Auto-ethnography of everyday Covid-19 Edinburgh

Chris Holligan

University of the West of Scotland

The domestic
Prior to Boris Johnston’s 8.30 pm national news broadcast some weeks ago my wife said as she rushed to the car to leave me taking the dog with her “Goodbye. I’ll miss you”. I stayed sitting at the PC busy as usual doing things. I said “OK” not quite taking the seriousness of what was emerging on board. I don’t even think I looked out the window to hear or see the car moving. After a life-threatening illness in the recent past and knowing my sociability she reckoned I was a risk to her life. If I carried the Corvid 19, I might pass it on to her. There was now way short of being tested would I know that, and besides even the food I shopped for or the clothes I wore might introduce Corvid 19 into her and worse result in her death. I’ve been living along for about a month now. You get used to speaking and listening constantly and sharing small stories. The silence is odd. At 9 pm on that broadcast day I rang Police Scotland to determine more clearly how the lock-down would affect me. As they classified my wife as a “vulnerable person” I had permission to deliver food out of town, but not to enter the house and to stay 2 metres distant throughout the period. It is easy to dismiss the seriousness of the Corvid 19 but that would be foolish. It is a very ‘effective’ virus at shutting down human lungs. Even after the let up of the lockdown we are not sure whether that means it is necessarily safe to live together in the same house until we are each tested, or a vaccine is created.

The streets
Outside I watch how others are behaving and seeming to manage. Joggers travelling at running speed have ran twice into me on the pavement of Morningside Road. Neither apologised. One who literally bounced off my tough body loudly emitted “Jesus Christ!”. I watched as this duo continued up the street. They appeared to be a middle-class couple. I think they had a sense of entitlement expecting a pedestrian to jump aside to allow them privilege. There was no apology or show of embarrassment. The Corvid 19 had not interfered with fitness individualism. Joggers have an increased presence on the pavement in recent days. In a less dramatic incident a professional looking male of about 35-45 passed well within the 2-metre distance and as he, still running, brushed my coat let whisper “Social distance”. The other day I observed more of these self-engrossed individuals move onto the road as they pass walkers. I assume they are now less sanguine about a Corvid 19 transmission. I’ve been standing in a few long supermarket queues having risk my intact body on the local pavement to reach them. Despite comments of the Corvid 19 being a social-leveller, I’ve not seen that translate into warm chat and much banter. Perhaps bourgeoise Edinburgh will never ‘succumb’ to be open and more relaxed. I forget to mention another notable pavement ‘meeting’ where a dog owner with dog on lead decided not to make room. We inevitable bumped into one another. They clearly said the expletive “Fuck off”. I keep thinking why I was not seeing the Big Society, especially as we are told by elites, we faced a dangerous common enemy. It left me wondering that existing social fractures and hierarchies were resistant to change even in pandemics. In one queue outside Sainsbury’s I remarked to a man behind me that the Waitrose queue was about 40 expecting a chat. He heard me and made some type of verbal noise. I decided that the Virus may be affecting others quite badly. Despite these peregrinations in recent days I have no heard one car horn. I think this reflects a common awareness that it would be bad form to express that angry emotion when many are dying or otherwise in pain.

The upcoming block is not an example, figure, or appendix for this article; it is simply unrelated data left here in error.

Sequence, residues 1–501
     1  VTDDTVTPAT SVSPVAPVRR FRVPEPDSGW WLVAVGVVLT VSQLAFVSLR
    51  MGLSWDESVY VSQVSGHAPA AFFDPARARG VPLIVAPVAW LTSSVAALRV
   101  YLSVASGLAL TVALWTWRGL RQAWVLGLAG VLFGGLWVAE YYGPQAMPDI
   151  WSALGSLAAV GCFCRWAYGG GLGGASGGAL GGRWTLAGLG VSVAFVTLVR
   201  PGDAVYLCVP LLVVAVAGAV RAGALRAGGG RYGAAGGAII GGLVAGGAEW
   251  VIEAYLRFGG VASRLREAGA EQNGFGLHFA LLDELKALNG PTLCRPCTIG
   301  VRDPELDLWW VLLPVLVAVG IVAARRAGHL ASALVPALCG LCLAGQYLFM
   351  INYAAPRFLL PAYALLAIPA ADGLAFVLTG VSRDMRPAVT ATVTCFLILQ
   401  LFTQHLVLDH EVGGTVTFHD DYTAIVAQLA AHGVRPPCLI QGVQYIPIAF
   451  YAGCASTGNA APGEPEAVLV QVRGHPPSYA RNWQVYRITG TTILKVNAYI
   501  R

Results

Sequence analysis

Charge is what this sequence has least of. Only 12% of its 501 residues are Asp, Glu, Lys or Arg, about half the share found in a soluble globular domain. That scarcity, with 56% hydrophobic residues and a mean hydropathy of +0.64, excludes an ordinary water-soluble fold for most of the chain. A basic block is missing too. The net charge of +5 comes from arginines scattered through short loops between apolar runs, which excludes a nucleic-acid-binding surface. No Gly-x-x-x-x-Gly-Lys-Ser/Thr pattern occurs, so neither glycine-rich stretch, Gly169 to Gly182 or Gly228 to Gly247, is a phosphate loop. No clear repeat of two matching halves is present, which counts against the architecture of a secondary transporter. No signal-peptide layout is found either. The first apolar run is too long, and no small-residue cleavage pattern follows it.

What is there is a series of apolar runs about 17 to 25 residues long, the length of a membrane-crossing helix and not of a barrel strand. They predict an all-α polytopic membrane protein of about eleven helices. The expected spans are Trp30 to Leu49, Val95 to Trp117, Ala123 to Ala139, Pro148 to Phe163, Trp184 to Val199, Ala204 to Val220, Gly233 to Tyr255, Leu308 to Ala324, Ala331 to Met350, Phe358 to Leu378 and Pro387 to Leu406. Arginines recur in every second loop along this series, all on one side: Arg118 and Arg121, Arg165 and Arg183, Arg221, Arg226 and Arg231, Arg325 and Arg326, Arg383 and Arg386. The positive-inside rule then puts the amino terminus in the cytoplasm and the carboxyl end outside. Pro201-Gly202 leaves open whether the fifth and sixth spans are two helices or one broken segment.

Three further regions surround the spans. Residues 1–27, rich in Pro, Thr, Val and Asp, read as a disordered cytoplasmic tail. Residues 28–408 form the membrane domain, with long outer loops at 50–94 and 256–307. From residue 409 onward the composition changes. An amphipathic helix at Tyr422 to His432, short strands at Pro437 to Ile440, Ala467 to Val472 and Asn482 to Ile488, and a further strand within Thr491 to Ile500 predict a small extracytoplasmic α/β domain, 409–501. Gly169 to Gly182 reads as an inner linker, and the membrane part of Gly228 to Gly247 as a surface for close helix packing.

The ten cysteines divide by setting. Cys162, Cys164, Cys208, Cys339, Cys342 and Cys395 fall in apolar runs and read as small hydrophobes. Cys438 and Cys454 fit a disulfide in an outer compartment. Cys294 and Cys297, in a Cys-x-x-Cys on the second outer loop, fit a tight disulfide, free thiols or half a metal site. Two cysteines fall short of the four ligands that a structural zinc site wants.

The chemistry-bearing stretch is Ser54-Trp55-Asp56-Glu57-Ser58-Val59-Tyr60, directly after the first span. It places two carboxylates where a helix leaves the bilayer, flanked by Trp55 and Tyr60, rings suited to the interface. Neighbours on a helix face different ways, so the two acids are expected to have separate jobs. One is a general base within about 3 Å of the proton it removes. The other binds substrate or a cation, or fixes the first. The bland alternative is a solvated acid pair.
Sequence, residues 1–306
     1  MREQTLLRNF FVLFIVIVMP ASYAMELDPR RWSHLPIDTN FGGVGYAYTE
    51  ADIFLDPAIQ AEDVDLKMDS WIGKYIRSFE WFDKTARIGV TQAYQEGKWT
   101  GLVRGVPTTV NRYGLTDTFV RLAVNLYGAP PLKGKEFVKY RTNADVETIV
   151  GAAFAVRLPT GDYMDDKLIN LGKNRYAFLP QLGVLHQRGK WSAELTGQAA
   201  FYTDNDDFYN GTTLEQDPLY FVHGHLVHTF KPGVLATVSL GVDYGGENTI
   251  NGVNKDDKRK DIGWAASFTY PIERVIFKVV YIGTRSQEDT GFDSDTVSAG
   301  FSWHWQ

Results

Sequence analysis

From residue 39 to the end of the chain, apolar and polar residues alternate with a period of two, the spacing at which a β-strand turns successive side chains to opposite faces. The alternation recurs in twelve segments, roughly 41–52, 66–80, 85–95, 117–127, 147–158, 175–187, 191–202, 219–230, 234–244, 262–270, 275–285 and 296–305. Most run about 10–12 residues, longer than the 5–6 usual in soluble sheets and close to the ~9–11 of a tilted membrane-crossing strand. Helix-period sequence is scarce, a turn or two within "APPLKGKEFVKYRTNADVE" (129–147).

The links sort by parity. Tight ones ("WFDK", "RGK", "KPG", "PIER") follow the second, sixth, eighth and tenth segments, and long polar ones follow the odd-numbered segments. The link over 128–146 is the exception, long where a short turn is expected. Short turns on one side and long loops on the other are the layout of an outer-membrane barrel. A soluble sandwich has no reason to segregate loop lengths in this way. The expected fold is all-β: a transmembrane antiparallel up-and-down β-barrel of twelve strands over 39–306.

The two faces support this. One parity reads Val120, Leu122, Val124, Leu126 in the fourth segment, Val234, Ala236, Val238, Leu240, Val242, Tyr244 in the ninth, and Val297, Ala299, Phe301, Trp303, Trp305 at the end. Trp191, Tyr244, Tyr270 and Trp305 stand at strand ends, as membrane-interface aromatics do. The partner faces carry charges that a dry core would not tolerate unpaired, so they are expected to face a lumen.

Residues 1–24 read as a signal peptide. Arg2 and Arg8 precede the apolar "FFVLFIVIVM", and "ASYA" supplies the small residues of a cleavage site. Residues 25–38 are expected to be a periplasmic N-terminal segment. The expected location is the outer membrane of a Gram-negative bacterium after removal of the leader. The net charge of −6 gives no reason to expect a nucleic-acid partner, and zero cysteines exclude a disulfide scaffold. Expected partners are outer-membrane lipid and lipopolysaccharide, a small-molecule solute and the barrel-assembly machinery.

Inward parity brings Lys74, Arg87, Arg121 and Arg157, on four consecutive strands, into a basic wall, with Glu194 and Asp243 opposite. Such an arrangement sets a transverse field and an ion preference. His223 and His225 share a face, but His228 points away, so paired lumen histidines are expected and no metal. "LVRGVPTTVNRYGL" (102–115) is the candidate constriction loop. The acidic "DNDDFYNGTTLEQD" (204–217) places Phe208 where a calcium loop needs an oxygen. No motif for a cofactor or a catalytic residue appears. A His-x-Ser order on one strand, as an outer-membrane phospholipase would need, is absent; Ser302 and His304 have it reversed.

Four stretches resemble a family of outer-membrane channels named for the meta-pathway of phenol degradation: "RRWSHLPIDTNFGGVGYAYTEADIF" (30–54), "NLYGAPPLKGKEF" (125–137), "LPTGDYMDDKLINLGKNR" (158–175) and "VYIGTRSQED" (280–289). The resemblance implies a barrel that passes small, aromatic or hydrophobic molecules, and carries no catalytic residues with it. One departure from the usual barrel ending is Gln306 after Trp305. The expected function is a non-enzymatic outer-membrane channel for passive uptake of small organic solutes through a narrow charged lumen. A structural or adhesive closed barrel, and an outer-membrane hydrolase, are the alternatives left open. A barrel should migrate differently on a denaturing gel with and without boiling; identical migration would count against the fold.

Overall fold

The television
Although I have watched around an hour of news in the evenings it has been highly repetitive. Party political elite’s commentary has been highly formulaic as if they are very concerned not to appear nuanced and break a stereotypic analysis of Corvid-19’s social and economic implications. In this way I thought the media is colluding with the status quo that is a deeply divided class structured society to focus analysis merely on the immediately observable. It was Karl Marx that told us that reality lies behind appearance and that appearance conceals what things are actually like. Supermarket staff have been invariably kind and helpful. The Virus has enabled shared conversational context at the check-out and whatever the class of the customer the irritations and worry of the lock down elicit a sense of temporary togetherness. I was thinking it is telling that the dominant commentaries on television are by medical scientists. We hear little if anything from others such as sociologists or criminologists about the collateral effects of Corvid 19. Collectively it seemed to me we are been suffocated through a diet of extreme boredom. The social order governing us over this period is not religion or punitive policing but an incessant iteration of things that are established but continue being conveyed as news. Perhaps through serendipity I’ve discovered a political order being managed through scientific regurgitation in the guise of importance. Dumbing down has a new identity.

10 April 2020.


This blog aims to reflect the opinions, thoughts, and concerns of academics and researchers related to COVID-19. All views belong to authors and it does not represent the views of any organisation.